Thread: What opera have you been watching lately?

          
   
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  1. #1831
    Senior Member Veteran Member Povero Buoso's Avatar
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    Continuing my aim to watch all of Verdi's operas (including Jerusalem and Aroldo) I have received 4 of the operas as gifts for Christmas. The first one I watched was the Tutto Verdi Un Giorno Di Regno.

    I am actually fairly surprised to hear this opera failed on its first run through as I found it fairly amusing and musically reasonably strong it held my Interest for the most part and I got the Gardelli recording halfway through watching (Itunes gift cards...). However, saying that while it was Verdi it was not "Verdi". It seemed very much as though he was echoing much older forms of opera (style of recitative especially was very noticeable) and was not really into the Verdi "Groove" as it were. The production was very solid though and definitely not among Verdi's poorest works such as Alzira (which I still think is good if not wonderful). I am enjoying my exploration of the Galley years because while there may only be the odd diamond to find (Ernani!!!!!!) there are more than enough lesser gems to find that are well worth owning a recording of.

    8.25/10
    "Non sono in vena" Rodolfo summing up P.B's feelings on his dissertation.

  2. #1832
    Opera Lively Site Owner / Administrator / Chief Editor Top Contributor Member Luiz Gazzola (Almaviva)'s Avatar
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    Quote Originally Posted by Povero Buoso View Post
    Continuing my aim to watch all of Verdi's operas (including Jerusalem and Aroldo) I have received 4 of the operas as gifts for Christmas. The first one I watched was the Tutto Verdi Un Giorno Di Regno.

    I am actually fairly surprised to hear this opera failed on its first run through as I found it fairly amusing and musically reasonably strong it held my Interest for the most part and I got the Gardelli recording halfway through watching (Itunes gift cards...). However, saying that while it was Verdi it was not "Verdi". It seemed very much as though he was echoing much older forms of opera (style of recitative especially was very noticeable) and was not really into the Verdi "Groove" as it were. The production was very solid though and definitely not among Verdi's poorest works such as Alzira (which I still think is good if not wonderful). I am enjoying my exploration of the Galley years because while there may only be the odd diamond to find (Ernani!!!!!!) there are more than enough lesser gems to find that are well worth owning a recording of.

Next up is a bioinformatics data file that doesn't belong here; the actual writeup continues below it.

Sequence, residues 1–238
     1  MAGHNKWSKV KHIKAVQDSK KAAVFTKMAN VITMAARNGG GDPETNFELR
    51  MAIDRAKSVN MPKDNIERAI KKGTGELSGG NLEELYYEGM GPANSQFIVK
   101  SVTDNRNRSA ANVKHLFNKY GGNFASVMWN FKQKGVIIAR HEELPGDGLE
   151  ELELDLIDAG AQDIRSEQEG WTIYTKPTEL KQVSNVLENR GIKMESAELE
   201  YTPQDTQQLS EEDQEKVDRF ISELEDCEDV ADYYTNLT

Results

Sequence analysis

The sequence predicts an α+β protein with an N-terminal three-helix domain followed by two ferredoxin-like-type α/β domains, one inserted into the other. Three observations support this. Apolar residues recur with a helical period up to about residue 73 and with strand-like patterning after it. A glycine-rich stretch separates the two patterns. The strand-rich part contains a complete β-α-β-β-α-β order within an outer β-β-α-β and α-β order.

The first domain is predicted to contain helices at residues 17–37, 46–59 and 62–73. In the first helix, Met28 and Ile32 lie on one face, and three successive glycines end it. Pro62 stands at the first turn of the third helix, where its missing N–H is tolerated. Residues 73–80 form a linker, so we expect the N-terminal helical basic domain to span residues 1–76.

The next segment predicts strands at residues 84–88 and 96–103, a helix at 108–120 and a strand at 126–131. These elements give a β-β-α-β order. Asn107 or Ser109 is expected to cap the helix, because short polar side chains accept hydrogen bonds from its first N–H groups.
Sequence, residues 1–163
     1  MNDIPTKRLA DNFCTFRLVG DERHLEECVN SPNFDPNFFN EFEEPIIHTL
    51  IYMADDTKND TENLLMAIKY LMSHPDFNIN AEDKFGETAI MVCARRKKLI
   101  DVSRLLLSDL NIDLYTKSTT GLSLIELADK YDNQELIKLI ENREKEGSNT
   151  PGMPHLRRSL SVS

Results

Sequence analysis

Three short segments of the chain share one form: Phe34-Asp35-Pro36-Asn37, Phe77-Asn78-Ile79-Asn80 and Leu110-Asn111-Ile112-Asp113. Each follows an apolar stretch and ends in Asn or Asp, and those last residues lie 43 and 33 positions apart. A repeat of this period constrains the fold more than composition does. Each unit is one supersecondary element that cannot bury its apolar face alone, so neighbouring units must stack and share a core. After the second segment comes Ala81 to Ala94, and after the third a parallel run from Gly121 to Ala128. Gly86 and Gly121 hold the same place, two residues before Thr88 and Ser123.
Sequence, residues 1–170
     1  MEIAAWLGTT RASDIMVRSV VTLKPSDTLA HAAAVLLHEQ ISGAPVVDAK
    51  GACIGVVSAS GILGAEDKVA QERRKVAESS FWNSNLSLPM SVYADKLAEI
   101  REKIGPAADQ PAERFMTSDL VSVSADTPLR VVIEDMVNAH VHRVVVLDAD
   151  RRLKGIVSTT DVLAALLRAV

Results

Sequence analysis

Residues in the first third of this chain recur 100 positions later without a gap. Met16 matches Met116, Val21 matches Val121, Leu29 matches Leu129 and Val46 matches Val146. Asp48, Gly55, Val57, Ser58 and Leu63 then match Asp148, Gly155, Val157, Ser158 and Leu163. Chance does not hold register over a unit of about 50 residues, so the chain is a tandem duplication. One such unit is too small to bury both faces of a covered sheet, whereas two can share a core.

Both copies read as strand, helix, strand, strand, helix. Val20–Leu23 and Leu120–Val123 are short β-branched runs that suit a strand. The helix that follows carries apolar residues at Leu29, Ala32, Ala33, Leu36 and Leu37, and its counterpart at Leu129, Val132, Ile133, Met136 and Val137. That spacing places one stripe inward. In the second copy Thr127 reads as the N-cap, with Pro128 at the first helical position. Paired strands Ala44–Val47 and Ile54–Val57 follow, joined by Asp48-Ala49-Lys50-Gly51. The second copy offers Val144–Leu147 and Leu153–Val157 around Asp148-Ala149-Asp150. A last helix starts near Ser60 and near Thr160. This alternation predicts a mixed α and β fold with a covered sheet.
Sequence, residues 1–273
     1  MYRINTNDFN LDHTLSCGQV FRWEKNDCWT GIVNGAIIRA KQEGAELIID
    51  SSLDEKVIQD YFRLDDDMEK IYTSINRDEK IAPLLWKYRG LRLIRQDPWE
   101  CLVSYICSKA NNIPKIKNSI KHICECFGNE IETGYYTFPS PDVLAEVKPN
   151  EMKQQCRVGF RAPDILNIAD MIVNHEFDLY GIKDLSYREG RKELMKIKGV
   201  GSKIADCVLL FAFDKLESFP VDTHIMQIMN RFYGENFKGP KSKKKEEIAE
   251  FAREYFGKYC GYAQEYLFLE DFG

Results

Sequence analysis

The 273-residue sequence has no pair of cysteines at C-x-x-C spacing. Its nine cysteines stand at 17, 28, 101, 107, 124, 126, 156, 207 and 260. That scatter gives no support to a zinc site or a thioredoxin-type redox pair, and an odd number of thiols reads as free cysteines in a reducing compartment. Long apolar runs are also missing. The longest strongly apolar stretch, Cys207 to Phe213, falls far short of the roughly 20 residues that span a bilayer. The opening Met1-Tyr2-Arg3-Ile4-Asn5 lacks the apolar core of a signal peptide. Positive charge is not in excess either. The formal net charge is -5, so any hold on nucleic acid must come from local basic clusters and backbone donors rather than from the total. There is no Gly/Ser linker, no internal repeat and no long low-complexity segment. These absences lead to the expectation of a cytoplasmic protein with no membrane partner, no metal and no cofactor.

8.25/10
    Very insightful comment. I had the same impression. I first saw it in a primitive YouTube version, then saw it with Anna Caterina Antonacci on DVD, and finally saw it live, in person with Ginger Costa-Jackson (a delightful production), and actually the more I saw it, the more I liked it. The Milan public was too harsh on Verdi when they booed it during the inaugural run, and it was a pity because as we know, he was depressed after the death of his wife and two children, and almost quit composition all together due to the failure of Un Giorno di Regno. Thankfully for us and for the history of the art form in general, once he set to music the Va Pensiero chorus, he realized that he was a good composer after all and came back with the gorgeous Nabucco.

    Like you, I made a point of seeing all Verdi operas, and once I finished, my only regret was that... I no longer had a Verdi opera that was new to me, to enjoy as a fresh surprise.
    "J'ai dit qu'il ne suffisait pas d'entendre la musique, mais qu'il fallait encore la voir" (Stravinsky)

  3. #1833
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    This year i watched all the Verdi operas in sequence. It was something I had promised myself some time back, and being retired, I indulged myself. I never felt overdosed.